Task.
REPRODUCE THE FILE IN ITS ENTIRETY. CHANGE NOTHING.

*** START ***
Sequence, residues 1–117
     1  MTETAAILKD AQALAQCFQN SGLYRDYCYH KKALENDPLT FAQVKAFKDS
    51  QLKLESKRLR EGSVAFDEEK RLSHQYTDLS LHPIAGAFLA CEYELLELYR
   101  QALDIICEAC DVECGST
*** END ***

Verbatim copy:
Sequence, residues 1–117
     1  MTETAAILKD AQALAQCFQN SGLYRDYCYH KKALENDPLT FAQVKAFKDS
    51  QLKLESKRLR EGSVAFDEEK RLSHQYTDLS LHPIAGAFLA CEYELLELYR
   101  QALDIICEAC DVECGST